Third, I need to look at each sin and ask myself, “If someone else came to me sharing anguish over a similar sin, how would I respond? Would I respond with judgment and condemnation, or with compassion and understanding?”
I realize that I don’t help someone if I make excuses for him or her. Saying things like, “Oh, it wasn’t that big of a deal,” or, “Well, you were pretty depressed at the time,” may not be a comfort, and it certainly minimizes the matter. Remember that when Jesus healed people by forgiving their sins, he always encouraged them to “sin no more.”
Jesus didn’t tell the prostitute, “Well, you’ve had a tough life so it’s OK.” By forgiving people, Jesus wasn’t giving them permission to go right back out to the neighborhood bar! But Jesus did not judge or condemn.
So ask yourself, “What would I say or do?” If those words you might speak are words of kindness, you then need to ask, “How come those words can’t apply to me?” I need to find some way to speak that forgiveness to myself.
Think about an unforgivable sin on your list. Then look in the mirror and try these words on for size: “I love you. I forgive you. Now let’s come up with a plan of action so this never happens again.” Did those words stick in your throat, or did they bring a sense of healing? If this doesn’t work, then speak aloud the words you would speak to someone else.
Finally, I may need to make amends. This doesn’t mean necessarily that I am confessing my sin to the person hurt by it. Rather, I might borrow a notion from the 12-step program to make amends, except when doing so might cause the other person harm. I may also want to remember that often the best type of amends is to change my behavior so that the offending sin no longer happens.
Clearly if I struggle to forgive myself, I struggle with hope and may also live in fear. I take all the bad things happening to me as evidence of how unforgivable are my sins. Like Saint Dismas, I will see myself as being punished and deserving it. And I live in fear that more will be piled on, in part because my sins are unforgivable.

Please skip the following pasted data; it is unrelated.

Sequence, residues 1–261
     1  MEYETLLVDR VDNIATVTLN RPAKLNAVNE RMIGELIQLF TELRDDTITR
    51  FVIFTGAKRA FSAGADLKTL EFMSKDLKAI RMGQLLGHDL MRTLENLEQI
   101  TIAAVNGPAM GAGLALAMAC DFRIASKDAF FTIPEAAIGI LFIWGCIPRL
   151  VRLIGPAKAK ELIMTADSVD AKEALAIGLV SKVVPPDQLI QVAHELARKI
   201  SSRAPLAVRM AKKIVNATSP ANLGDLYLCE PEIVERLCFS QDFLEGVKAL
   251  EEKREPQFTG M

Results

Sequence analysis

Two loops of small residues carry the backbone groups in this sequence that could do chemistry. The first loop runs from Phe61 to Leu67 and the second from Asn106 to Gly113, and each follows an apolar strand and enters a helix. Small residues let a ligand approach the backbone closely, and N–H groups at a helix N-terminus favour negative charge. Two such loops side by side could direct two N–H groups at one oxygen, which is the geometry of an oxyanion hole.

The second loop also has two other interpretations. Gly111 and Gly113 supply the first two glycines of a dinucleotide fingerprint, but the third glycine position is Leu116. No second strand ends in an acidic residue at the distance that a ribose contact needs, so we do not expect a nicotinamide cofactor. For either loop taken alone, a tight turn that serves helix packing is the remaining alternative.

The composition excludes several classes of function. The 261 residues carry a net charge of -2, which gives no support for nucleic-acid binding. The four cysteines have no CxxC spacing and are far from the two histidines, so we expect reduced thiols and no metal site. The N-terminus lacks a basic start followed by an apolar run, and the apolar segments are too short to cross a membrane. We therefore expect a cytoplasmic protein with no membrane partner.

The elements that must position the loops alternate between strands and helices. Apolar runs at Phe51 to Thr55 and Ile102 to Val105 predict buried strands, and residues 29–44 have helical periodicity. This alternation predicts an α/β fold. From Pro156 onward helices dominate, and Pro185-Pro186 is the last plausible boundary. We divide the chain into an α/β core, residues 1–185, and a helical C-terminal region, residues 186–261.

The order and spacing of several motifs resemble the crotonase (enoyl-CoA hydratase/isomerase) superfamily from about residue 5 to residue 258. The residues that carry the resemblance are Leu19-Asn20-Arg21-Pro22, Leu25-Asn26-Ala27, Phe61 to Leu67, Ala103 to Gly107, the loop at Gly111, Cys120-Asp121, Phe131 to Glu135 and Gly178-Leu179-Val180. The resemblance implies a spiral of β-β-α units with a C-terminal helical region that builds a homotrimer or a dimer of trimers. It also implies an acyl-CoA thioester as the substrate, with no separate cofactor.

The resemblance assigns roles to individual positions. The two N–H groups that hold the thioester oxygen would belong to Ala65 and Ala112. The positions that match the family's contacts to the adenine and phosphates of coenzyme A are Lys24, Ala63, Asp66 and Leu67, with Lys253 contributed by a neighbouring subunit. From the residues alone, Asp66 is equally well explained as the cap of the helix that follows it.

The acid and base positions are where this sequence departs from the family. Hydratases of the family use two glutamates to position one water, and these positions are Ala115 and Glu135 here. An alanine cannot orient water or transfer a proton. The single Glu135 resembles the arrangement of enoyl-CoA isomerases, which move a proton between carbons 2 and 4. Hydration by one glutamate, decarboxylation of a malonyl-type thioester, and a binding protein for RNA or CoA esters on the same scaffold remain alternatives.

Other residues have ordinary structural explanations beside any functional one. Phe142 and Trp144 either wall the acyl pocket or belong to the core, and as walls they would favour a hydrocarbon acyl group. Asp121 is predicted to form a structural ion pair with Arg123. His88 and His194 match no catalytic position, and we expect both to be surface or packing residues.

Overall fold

Finding Peace Within
For some, this negativity is insurmountable. Thus, ultimately, I may need to pray. I may need to ask God for help in forgiving myself. I may need to say to God: “Look, I know you’ve forgiven me, but I don’t seem to be able to accept that and let it go. I seem to be holding onto it, judging myself. Please help me to find a way to forgive myself.”
If I haven’t forgiven myself, ironically I may commit the ultimate sin—preventing whatever light I have within me to shine, thereby not becoming all that God intends me to be. In the book Living Buddha, Living Christ, Thich Nhat Hanh observes: “Our capacity to make peace with another person in the world depends very much on our capacity to make peace with ourselves.” Similarly, Henri Nouwen wrote in The Road to Daybreak: A Spiritual Journey, “If I could fully accept the fact that I am forgiven and do not have to live in guilt or shame, I would really be free.”
When I haven’t forgiven myself, I am confined by the sourness of resentment and the bleakness of despair. Forgiveness really is freedom. When I forgive, my message is this: “I see who you are, not what you’ve done. Now go and be yourself. Become all you are meant to be. Let your light shine.” As with most elements of the spiritual journey, that cleansing freedom must start within if we hope to give it to others.
Richard B. Patterson, PhD, is a clinical psychologist in El Paso, Texas. He is the author of five books exploring the intersection of psychology and spirituality.